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Title: Life-long genetic and functional access to neural circuits
Author: Ciabatti, Ernesto
ISNI:       0000 0004 7229 6699
Awarding Body: University of Cambridge
Current Institution: University of Cambridge
Date of Award: 2018
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Network dynamics are thought to be the substrate of brain information processing and of mental representations. Moreover, network-wide dysfunctions are recognized to be at the core of several psychiatric and neurodegenerative disorders. Yet, our ability to target specific networks for functional or genetic manipulations remains limited. The development of monosynaptically-restricted Rabies virus, G-deleted Rabies virus (ΔG-Rabies), has greatly facilitated the anatomical investigation of neural circuits, revealing the network synaptic structure upstream of defined neuronal populations. However, the inherent cytotoxicity of the Rabies virus largely restrains its use to the mere structural characterisation of neural networks. To overcome this limitation, I generated novel tools that allow the manipulation of neural networks for the entire life of the animal, without affecting neuronal and circuit properties. I first developed a viral system obtained by engineering the Rabies virus genome to eliminate its cytotoxicity. This led to the generation of a Self-inactivating Rabies virus (SiR) that transcriptionally disappears from the infected neurons while leaving permanent genetic access to the traced network. I showed that SiR provides a virtually unlimited temporal window for the functional manipulation of neural circuits in vivo without adverse effects on neuronal physiology. To further expand our ways of intervening on neural networks function I then developed a completely virus-free system, named Genetically-Encoded TransSynaptic Shuttle (GETSS), which is the only specific genetically-encoded transsynaptic tracer to date. In this thesis, I established novel approaches that provide, for the first time, the functional and genetic access to traced network elements in vivo for the lifetime of the animal, with no cytotoxic effects, no changes in the electrophysiological properties of the traced neurons and no adverse effects on network function. This opens new horizons in the functional investigation of neural circuits and potentially represent the first approaches to experimentally monitor neural circuit remodelling in vivo.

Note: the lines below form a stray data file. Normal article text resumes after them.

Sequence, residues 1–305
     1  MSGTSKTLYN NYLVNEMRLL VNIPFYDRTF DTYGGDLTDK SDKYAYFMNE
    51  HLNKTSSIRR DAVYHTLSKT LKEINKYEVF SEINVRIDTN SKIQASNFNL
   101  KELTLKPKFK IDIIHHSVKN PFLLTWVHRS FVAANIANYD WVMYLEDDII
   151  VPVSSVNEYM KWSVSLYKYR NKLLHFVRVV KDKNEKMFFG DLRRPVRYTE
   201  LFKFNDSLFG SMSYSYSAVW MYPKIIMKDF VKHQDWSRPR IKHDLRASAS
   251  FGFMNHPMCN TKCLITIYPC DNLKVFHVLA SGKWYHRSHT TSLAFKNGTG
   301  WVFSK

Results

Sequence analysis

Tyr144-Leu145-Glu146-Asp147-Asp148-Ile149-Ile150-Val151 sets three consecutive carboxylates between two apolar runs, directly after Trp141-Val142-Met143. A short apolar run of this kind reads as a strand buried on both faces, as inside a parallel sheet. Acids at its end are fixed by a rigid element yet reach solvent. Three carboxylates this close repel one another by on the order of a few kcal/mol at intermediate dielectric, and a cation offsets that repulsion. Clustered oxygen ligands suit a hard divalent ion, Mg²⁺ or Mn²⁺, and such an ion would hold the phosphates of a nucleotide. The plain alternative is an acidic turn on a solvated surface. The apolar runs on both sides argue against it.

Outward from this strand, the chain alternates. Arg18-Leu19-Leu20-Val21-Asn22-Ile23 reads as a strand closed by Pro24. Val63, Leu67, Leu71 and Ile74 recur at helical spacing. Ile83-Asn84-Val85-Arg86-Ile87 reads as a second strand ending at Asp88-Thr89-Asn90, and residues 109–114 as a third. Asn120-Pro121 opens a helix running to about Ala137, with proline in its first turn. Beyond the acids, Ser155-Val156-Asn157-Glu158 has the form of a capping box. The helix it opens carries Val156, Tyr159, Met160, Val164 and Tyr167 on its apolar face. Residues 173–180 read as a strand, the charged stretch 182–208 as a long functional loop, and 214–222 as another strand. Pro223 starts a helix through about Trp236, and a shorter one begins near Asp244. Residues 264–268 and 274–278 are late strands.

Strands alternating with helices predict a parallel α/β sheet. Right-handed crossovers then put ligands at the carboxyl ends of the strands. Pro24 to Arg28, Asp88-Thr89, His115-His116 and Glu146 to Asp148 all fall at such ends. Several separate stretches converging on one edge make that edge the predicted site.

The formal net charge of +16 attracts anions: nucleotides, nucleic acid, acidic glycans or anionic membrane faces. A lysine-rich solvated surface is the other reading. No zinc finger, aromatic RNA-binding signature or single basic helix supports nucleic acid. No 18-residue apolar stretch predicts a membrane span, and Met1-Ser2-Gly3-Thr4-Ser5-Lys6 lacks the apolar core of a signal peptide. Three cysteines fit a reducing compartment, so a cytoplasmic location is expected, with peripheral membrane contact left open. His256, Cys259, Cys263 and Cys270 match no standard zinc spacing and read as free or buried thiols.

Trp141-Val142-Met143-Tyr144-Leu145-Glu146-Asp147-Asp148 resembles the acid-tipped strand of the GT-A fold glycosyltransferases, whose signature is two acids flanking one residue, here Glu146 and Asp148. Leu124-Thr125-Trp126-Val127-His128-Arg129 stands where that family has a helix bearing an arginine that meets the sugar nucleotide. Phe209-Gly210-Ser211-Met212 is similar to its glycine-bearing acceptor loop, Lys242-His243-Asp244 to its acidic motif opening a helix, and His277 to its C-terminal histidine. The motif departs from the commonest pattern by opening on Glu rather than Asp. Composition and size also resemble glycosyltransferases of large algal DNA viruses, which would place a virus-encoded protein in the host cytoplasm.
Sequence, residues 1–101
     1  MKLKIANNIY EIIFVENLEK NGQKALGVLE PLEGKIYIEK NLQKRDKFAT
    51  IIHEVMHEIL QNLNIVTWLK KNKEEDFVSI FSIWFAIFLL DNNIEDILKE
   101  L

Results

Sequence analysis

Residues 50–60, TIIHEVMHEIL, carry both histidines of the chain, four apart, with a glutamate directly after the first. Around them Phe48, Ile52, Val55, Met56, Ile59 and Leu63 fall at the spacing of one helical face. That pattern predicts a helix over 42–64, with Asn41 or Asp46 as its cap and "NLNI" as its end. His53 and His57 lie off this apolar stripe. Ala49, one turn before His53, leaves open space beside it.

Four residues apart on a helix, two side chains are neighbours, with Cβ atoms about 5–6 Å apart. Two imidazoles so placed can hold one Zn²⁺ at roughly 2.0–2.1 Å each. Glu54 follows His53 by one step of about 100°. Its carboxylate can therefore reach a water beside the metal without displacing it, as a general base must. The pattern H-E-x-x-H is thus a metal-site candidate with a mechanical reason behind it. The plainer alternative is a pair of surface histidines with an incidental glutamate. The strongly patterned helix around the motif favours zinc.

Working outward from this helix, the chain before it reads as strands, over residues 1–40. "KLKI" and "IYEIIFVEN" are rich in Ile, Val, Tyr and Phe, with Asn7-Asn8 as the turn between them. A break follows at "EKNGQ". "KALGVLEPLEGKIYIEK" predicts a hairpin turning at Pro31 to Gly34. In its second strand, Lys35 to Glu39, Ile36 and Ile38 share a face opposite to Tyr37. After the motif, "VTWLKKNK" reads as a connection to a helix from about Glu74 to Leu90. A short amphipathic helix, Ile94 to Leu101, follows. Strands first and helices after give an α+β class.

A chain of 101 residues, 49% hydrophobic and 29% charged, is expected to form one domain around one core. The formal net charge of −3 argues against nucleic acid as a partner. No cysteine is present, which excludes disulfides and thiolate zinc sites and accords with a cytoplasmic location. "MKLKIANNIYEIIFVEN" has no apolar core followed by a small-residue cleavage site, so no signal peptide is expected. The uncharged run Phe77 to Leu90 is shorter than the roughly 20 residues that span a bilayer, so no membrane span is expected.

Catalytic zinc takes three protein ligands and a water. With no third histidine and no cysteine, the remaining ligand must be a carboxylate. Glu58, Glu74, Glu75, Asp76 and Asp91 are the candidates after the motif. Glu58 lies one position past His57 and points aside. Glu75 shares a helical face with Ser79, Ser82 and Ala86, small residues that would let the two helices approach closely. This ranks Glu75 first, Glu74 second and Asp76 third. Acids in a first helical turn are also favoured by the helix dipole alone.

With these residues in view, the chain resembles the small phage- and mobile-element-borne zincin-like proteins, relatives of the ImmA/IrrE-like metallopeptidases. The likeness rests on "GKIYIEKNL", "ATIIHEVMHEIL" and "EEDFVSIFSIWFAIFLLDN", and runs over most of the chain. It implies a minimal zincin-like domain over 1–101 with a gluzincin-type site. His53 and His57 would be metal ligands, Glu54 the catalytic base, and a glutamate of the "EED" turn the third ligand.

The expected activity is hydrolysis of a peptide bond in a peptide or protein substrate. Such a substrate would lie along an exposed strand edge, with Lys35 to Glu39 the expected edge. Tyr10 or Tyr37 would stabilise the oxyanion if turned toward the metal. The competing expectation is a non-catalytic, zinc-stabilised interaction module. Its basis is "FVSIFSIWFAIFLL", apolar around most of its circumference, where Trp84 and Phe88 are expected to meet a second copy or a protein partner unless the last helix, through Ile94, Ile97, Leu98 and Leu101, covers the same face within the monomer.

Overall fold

Supervisor: Tripodi, Marco Sponsor: MRC
Qualification Name: Thesis (Ph.D.) Qualification Level: Doctoral
Keywords: Rabies ; transsynaptic ; retrograde ; neural tracing ; neural network ; neural circuits ; SiR virus ; Self-inactivating Rabies ; DG-Rabies ; network manipulation